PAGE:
By December 1, 2015, Covered establishments must provide the following information on menus and menu boards:

  • The number of calories contained in each standard menu item listed on the menu or menu board, as usually prepared and offered for sale
  • The statement “2,000 calories a day is used for general nutrition advice, but calorie needs vary.”[4]
  • The statement “Additional nutrition information available upon request”

In addition, covered establishments must make the following information available to customers in writing upon request:

  • Total calories (cal);
  • Calories from fat (fat cal);
  • Total fat (g);
  • Saturated fat (g);
  • Trans fat (g);
  • Cholesterol (mg);
  • Sodium (mg);
  • Total carbohydrate (g);
  • Dietary fiber (g);
  • Sugars (g); and
  • Protein (g)

[§ 101.11(b)(2)(ii)(A).]  Beverages that are not self-service—including table service alcoholic beverages—are subject to additional requirements. For example, their calories must be declared based on the full volume of the cup served without ice, unless the covered establishment ordinarily serves them with a fixed amount of ice per cup size). [§ 101.11(b)(2)(i)(A)(9).] For self-service beverages, caloric values must be declared on adjacent signs.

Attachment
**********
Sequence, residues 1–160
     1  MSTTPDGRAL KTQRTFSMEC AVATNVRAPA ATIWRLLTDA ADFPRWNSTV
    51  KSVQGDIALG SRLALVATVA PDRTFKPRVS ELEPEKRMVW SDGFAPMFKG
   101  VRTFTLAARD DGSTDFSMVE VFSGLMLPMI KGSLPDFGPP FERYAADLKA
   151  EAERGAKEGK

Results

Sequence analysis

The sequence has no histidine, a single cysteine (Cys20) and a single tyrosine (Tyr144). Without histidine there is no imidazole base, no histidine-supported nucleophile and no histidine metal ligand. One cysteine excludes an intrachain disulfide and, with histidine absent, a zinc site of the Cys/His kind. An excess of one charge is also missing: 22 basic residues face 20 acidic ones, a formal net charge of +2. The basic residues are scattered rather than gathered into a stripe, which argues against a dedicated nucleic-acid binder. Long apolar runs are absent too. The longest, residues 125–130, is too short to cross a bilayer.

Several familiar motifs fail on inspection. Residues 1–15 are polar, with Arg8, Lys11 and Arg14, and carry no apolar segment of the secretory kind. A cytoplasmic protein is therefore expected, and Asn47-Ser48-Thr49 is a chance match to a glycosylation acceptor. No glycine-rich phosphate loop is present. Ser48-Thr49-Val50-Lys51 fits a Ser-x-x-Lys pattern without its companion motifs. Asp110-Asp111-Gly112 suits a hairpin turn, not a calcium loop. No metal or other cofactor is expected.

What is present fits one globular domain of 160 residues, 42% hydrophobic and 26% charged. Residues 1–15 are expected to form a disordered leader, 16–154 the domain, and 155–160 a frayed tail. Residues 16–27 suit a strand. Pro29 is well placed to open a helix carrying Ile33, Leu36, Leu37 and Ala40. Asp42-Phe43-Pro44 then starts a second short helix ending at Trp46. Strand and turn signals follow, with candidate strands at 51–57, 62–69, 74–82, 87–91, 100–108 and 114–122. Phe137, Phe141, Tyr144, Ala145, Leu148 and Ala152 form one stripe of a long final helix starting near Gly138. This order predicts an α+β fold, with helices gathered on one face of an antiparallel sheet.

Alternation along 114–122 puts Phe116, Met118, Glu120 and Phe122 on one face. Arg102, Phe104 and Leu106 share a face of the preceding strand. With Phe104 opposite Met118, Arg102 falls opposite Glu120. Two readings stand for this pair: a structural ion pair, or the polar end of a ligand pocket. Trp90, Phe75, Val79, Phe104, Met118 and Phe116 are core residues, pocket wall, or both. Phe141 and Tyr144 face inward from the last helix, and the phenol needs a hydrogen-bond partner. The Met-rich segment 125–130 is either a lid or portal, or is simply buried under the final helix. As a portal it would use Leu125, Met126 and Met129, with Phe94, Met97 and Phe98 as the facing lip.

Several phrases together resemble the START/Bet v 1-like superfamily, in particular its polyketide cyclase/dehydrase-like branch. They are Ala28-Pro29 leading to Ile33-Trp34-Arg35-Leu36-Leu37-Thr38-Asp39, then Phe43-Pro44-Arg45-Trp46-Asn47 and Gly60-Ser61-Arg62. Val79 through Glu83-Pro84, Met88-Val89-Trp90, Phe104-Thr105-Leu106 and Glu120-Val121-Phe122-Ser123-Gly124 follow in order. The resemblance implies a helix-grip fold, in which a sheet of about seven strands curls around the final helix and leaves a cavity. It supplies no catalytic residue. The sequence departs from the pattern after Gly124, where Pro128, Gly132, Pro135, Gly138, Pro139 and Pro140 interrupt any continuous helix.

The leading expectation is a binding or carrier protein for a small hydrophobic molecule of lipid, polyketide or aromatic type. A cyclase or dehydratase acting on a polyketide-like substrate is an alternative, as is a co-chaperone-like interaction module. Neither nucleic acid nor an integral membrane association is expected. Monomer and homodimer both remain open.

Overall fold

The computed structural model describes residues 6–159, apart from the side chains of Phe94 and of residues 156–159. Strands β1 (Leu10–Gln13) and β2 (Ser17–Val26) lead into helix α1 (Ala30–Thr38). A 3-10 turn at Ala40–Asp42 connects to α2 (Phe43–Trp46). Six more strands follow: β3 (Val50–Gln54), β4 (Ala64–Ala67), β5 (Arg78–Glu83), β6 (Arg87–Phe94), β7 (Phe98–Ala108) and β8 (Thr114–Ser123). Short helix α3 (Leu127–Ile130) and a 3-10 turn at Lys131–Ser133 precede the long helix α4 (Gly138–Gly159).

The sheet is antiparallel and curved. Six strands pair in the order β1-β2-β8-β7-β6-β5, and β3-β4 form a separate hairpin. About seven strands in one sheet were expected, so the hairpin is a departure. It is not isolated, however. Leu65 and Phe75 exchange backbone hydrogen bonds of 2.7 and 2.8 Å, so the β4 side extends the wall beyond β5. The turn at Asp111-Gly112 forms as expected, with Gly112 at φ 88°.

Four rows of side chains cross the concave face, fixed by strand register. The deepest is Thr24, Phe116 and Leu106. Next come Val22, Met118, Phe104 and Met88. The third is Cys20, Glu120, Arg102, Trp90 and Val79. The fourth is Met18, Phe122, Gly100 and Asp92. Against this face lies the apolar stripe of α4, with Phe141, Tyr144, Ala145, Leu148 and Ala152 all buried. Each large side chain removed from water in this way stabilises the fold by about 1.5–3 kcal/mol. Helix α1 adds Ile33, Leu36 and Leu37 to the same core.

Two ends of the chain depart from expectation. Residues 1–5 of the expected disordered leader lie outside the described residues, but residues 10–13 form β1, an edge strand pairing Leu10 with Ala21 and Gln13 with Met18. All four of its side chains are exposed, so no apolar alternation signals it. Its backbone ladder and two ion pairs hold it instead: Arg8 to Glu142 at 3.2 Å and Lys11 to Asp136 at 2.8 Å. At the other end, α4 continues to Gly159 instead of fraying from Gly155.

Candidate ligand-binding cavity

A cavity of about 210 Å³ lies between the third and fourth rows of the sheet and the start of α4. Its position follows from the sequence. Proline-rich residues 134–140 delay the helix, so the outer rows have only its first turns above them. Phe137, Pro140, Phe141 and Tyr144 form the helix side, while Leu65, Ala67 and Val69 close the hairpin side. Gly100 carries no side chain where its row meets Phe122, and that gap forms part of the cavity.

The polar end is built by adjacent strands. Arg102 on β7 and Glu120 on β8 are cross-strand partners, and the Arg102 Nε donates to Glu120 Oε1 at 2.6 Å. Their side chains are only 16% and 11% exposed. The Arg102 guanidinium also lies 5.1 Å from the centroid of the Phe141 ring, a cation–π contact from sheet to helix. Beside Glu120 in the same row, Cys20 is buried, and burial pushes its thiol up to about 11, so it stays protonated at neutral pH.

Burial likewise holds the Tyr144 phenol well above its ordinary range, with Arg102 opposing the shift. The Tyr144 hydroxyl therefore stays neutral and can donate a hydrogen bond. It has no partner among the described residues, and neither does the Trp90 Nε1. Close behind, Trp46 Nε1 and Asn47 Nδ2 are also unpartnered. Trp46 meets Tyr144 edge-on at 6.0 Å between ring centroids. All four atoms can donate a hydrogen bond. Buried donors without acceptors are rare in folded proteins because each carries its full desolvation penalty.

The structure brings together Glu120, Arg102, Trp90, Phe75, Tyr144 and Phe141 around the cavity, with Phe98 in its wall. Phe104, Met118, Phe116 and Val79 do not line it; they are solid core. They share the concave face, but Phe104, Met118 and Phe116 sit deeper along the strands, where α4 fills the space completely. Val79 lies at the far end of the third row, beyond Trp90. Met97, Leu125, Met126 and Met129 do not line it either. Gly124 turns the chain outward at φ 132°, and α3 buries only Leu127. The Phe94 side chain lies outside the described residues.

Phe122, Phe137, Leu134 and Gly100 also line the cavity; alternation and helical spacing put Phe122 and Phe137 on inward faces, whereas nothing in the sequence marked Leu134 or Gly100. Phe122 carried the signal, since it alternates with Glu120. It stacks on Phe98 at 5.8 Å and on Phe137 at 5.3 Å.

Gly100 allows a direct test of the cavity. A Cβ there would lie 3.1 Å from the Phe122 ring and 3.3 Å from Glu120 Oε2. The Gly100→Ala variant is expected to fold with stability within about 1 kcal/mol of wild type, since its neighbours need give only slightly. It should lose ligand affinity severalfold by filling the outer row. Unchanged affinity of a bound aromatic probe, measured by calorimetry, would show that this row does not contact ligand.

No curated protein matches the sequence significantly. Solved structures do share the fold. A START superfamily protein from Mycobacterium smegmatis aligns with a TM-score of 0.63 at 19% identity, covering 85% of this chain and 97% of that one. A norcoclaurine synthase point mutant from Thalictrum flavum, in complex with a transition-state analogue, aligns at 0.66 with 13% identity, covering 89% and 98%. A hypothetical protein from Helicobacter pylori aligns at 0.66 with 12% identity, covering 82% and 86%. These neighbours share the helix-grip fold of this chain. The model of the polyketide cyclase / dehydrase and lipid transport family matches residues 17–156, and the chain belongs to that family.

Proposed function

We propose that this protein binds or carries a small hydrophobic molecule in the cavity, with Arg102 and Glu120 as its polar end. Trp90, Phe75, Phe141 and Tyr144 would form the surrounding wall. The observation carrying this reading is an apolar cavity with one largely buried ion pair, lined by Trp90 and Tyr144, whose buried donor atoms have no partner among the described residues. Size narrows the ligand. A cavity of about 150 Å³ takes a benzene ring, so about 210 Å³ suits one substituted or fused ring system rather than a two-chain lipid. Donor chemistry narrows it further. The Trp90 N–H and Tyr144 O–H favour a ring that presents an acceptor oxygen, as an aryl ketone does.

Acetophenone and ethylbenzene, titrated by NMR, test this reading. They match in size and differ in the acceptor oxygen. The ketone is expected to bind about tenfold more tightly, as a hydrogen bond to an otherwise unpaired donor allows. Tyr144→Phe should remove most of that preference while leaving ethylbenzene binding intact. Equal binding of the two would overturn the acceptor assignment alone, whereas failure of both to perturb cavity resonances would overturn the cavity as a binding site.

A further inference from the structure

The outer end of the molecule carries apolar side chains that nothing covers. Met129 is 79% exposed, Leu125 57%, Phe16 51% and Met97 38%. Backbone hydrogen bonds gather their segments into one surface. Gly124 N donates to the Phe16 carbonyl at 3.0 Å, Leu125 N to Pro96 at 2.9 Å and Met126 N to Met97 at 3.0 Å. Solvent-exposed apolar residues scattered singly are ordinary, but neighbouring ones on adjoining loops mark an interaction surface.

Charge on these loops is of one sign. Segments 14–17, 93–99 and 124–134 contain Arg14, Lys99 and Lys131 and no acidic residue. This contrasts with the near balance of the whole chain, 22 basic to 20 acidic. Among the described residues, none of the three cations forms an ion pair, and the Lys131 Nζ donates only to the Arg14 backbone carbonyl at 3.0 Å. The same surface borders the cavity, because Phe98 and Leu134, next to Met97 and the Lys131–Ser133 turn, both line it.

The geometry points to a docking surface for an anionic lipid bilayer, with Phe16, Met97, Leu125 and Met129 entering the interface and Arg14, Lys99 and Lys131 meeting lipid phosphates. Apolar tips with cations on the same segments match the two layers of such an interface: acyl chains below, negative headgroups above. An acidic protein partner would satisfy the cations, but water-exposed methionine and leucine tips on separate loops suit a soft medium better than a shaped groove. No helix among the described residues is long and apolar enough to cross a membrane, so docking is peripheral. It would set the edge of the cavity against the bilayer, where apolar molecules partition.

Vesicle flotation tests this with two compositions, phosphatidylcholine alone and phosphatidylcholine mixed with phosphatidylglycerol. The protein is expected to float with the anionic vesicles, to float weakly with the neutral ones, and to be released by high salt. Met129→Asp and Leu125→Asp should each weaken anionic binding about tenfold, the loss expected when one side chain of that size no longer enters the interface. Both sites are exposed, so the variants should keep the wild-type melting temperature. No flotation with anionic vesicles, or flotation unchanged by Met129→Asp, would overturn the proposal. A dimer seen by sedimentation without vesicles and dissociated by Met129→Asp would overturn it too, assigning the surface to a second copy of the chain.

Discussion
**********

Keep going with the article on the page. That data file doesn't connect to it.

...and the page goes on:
Most alcoholic beverage labels do not disclose nutrition information, so how can covered establishments provide this information to consumers? The new rule gives several options. Establishments may use nutrient databases, cookbooks, laboratory analyses, or other reasonable means, to determine nutrient content. They must provide to the FDA upon request “information substantiating nutrient values, including the method and data used to derive these nutrient values.”

The Upshot

The new requirements are somewhat complex, as the many nuances in the public comments make clear. The burden is on chain restaurants to provide basic nutrition information about the foods and beverages that they serve, the assumption being that the average consumer is sufficiently educated to make sense of nutritional value data and make healthful choices based on it. Those of us who don’t eat at chain establishments (or who eat at chains that are too small to be covered) will be largely unaffected by the regulation. Those who do may finally know exactly how many calories are in their cup.


[1] A restaurant or similar retail food establishment that is not covered may voluntarily register to be subject to the requirements established in this section. [§ 101.11(b).] This may be desirable when state law is more restrictive than the FDA regulation.

[2] The FDA elaborates:

Restaurants and similar retail food establishments include bakeries, cafeterias, coffee shops, convenience stores, delicatessens, food service facilities located within entertainment venues (such as amusement parks, bowling alleys, and movie theatres), food service vendors (e.g., ice cream shops and mall cookie counters), food take-out and/or delivery establishments (such as pizza take-out and delivery establishments), grocery stores, retail confectionary stores, superstores, quick service restaurants, and table service restaurants.

[3] There are requirements for variable menu items as well, but I am focusing on the classic “wine list” that we find in many restaurants and bars.

[4] The requirements for menus and menu boards targeted to children are different.